Pupils leaving school without doing any proper exams will be looked down on by employers, experts have warned as they say pupils will have an “asterisk” against their name.
Children who finish school in 2022 will not have sat any GCSE exams due to the pandemic and will also have taken a pared-back A-level syllabus.
Their qualifications will “absolutely” be viewed differently by future employers, according to John Nield, a fellow at the Chartered Institute of Educational Assessors and former chief examiner.
“There will be an asterisk against those who did exams in 2020, 2021 and 2022,” he said. “Employers will say ‘that was the first Covid year, that was the second…’ It will carry on for years.”
Ofqual, the exam watchdog, has announced exams will go ahead in 2022, but with a series of changes to take into account the disruption schools have faced over the past year.
Geography field trips and group dancing will be cut from GCSEs and A-levels next year, while students taking French, Spanish and German GCSEs will be required to learn less vocabulary than in a normal year.
They may also be able to get the qualification without being tested on their ability to speak the language, with the regulator saying it will draw up contingency arrangements in case the oral component of the exam is scrapped.
Pupils who have not taken any of the normal exams will leave school with a “dystopian” view of themselves, Mr Nield explained.
“They will think ‘I’m not like others, I haven’t had to jump over the hurdles they have’,” Mr Nield said. “It will just be another issue which will make these poor kids feel like a lesser person. They will turn up at university with massive gaps in their knowledge and will be terrified of exams.”
A senior examiner in maths told The Telegraph that the exam system is now in a “terrible mess”. He said that employers should be given a comparison table between grades achieved during summers when exams were cancelled or changed and grades achieved prior to the pandemic.
“When GCSEs switched from letters to numbers, there were charts that enabled you to compare the old scale to the new scale,” he said.
At the time, Ofqual said a grade 4 was equivalent to a C or pass and a grade 7 was equivalent to an A.
“We could have the same for 2020, 2021, 2022 and so on. A simple bar chart would show what a grade is now worth.”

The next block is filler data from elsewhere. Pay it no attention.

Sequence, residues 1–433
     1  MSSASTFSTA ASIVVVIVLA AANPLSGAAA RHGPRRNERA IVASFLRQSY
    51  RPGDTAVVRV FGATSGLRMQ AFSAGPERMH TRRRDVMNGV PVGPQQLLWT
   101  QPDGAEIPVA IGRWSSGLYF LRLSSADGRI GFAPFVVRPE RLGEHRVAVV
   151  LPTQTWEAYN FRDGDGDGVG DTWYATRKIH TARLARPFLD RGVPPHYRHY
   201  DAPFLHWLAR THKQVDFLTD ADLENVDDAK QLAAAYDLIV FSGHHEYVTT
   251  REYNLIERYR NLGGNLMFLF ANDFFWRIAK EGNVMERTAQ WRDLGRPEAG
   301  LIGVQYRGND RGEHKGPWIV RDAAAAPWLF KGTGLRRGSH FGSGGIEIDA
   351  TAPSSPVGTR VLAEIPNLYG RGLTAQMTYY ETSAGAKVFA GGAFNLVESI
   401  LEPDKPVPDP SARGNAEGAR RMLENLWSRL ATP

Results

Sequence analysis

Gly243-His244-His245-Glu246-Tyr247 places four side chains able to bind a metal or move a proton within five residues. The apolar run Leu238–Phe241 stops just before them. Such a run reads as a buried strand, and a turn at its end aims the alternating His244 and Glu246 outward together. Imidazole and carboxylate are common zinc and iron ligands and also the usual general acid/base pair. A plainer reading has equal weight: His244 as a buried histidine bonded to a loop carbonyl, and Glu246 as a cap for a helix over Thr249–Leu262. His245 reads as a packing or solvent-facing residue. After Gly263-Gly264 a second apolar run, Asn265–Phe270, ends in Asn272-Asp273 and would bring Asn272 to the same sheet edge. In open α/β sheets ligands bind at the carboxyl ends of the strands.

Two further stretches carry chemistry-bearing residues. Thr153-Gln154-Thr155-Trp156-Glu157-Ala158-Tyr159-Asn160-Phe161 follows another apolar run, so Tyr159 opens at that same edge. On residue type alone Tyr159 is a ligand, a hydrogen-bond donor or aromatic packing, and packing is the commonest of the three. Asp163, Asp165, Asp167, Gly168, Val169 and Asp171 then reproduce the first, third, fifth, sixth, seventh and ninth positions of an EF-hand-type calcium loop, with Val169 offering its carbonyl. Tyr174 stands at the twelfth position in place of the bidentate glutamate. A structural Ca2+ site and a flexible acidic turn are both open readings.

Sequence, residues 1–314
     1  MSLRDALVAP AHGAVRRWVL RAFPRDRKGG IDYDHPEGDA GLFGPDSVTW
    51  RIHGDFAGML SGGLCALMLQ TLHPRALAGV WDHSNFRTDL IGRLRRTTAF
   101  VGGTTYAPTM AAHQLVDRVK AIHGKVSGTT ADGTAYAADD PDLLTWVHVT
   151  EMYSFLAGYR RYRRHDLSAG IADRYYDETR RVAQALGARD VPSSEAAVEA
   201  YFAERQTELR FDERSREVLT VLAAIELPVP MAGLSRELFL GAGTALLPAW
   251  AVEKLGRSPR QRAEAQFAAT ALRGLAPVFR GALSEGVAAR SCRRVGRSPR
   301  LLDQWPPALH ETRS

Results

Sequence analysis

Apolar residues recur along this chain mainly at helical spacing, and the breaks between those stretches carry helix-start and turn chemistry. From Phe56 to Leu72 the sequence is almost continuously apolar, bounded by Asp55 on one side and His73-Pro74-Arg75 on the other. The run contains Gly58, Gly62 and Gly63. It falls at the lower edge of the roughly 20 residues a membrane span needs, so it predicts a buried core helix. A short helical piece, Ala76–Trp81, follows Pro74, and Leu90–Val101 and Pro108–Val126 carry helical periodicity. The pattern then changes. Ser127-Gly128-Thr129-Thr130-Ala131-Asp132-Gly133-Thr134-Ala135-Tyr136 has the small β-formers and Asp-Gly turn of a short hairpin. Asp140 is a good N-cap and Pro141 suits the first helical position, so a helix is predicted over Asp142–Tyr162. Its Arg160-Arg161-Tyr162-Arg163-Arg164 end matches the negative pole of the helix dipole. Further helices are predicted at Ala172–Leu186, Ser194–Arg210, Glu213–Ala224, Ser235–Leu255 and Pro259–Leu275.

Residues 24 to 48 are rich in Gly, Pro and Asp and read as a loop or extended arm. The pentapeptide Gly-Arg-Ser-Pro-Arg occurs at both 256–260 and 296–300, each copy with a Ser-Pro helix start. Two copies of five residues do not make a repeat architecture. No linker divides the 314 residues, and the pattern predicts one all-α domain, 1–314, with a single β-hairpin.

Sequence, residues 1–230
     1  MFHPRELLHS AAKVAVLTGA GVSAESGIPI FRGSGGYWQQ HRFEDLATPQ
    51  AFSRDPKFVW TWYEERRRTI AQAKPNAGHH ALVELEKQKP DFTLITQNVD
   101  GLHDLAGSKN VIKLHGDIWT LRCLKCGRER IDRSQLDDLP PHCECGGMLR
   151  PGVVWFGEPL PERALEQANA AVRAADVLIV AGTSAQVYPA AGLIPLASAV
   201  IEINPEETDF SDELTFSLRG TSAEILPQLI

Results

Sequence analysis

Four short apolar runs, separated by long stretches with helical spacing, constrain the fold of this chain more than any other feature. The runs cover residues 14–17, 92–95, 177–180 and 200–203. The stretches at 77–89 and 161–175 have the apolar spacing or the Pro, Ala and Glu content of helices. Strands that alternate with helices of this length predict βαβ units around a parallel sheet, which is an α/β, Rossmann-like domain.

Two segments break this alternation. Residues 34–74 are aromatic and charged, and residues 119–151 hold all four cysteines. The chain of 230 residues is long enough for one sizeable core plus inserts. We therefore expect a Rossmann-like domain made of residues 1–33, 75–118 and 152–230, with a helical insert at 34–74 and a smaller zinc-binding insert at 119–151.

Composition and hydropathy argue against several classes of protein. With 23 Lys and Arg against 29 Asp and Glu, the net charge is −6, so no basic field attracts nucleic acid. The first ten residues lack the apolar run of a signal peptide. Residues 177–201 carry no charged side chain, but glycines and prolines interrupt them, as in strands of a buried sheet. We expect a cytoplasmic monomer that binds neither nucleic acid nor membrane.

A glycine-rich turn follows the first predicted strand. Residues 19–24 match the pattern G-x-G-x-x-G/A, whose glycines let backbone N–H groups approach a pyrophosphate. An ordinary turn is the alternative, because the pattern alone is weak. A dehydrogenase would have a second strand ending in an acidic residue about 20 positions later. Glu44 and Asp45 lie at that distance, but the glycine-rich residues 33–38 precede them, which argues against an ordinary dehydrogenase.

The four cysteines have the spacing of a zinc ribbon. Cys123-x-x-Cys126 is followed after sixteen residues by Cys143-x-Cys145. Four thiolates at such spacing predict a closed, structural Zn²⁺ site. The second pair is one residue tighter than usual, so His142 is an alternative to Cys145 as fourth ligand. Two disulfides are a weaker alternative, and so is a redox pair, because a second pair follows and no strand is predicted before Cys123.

He said that the high levels of grade inflation last summer meant that students’ grades went up by about half a grade on average.
“Some employers might actually think it is worse than that,” he said. “That’s why we need to be open and transparent about it.”
Pandemic and exam shake-up an ‘unsettling experience’
However, Dr Tony Breslin, a former chief examiner who is currently researching the impact of repeated lockdowns on education, said could be looked upon favourably by future employers due to the life skills they have gained during the pandemic.
“They won’t have the same qualifications as earlier cohorts, but many of them will have developed skills that other cohorts would not have,” he said.
“Some pupils have returned to school with better independent learning skills and greater resilience.”
Experts have previously warned that exam boards should be braced for “Weimar Republic levels” of grade inflation this summer.
Barnaby Lenon, a former member of Ofqual’s standards advisory group, said that teachers’ predictions for GCSEs and A-levels will be “wildly inflated” and exam boards will have “difficulty” checking all 6.5 million grades.
He explained a major problem with the proposed grading system for this summer – which will rely on teachers’ predictions after exams were cancelled due to the coronavirus pandemic – is that there will be no obvious attempt to limit the number of grades awarded at each level, which he said is “a fundamental requirement” for most qualifications systems.
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